Seventy five grams of hog pancreatic amylase were dispersed in 850 ml of water containing 2 g of ascorbic acid. The pH was adjusted to 4.5 and the insolubles removed. To the supernatant solution an equal volume of acetone was added, the precipitate removed, and the acetone evaporated in a thin film evaporator. During the evaporation of the acetone a precipitate formed. This was removed. (Later studies indicated that this precipitate should have been saved as a source of proxeronine.) The clear solution was first run over a strong cation column (C-20) in the acid form, then over a non-ionic macroreticular resin (XAD-2) and finally over a weak cation in the ammonium salt form (IRC-84).
The IRC-84 column was rinsed first with water and then with 100% acetone. (Later studies showed that some xeronine could have been removed by this last step). The column was then eluted with 5% acetic acid. Xeronine activity started to appear in the eluate when the pH of the column had dropped to 6. Elution was continued until all of the column was in the hydrogn form.
______________________________________First portion of IRC-84 30 g salt 0.22 CAU/mgeluate after pH 6.0Next portion 32 g salt 0.09 CAU/mgLast portion 28 g salt 0.0 CAU/mg______________________________________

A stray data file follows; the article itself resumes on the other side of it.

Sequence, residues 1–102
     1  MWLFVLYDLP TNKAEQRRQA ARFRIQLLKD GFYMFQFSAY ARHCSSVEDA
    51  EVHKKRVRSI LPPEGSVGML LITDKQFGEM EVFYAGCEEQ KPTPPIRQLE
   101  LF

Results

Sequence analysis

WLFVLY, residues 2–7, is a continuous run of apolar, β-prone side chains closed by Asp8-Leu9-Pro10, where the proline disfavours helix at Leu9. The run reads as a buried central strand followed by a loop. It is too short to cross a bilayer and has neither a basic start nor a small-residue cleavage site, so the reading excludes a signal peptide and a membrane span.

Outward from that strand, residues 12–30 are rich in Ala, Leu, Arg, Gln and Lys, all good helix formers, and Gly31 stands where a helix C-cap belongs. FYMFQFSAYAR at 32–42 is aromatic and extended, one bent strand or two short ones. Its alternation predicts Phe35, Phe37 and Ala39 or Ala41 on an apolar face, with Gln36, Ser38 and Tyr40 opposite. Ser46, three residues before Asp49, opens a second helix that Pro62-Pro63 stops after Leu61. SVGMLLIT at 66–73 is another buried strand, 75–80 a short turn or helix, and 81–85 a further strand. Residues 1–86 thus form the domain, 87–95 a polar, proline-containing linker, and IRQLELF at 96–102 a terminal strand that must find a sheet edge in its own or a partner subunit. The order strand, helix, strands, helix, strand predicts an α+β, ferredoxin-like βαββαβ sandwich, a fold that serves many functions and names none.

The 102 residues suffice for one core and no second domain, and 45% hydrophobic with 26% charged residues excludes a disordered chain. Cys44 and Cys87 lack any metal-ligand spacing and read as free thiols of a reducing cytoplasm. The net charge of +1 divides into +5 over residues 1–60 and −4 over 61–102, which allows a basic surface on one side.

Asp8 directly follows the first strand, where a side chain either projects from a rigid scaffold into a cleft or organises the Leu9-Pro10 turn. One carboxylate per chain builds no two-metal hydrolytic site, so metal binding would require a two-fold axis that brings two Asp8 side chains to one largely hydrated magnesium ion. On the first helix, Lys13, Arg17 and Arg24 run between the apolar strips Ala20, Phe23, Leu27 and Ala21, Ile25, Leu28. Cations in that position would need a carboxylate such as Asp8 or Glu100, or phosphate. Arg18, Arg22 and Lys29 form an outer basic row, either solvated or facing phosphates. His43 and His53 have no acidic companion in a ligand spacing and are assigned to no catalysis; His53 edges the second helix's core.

The recovery of CAU was 126.4 CAU/g of amylase. Whereas this is not as high as from other sources, this is acceptable considering that potential activity was lost in two fractions, the precipitate which appeared when the acetone was removed from the first supernatant solution and the acetone wash of the IRC-84 column.
A.3 BY THE EMULSION TECHNIQUE
Ex. 6. From Commercial Rennet Powder
Four grams of commercial rennet powder (Nakarai) were dispersed in 150 ml of water and the pH adjusted to 5.7. After an hour the pH was raised to 10 and the solution was vigorously shaken with and extracted with two 50 ml portions of chloroform. After centrifuging the similar fractions were combined. The tight emulsion layer was broken by adding five volumes of methanol and then centrifuging the suspension to remove the precipitated proteins. The solvents were removed from all samples and the solutions assayed.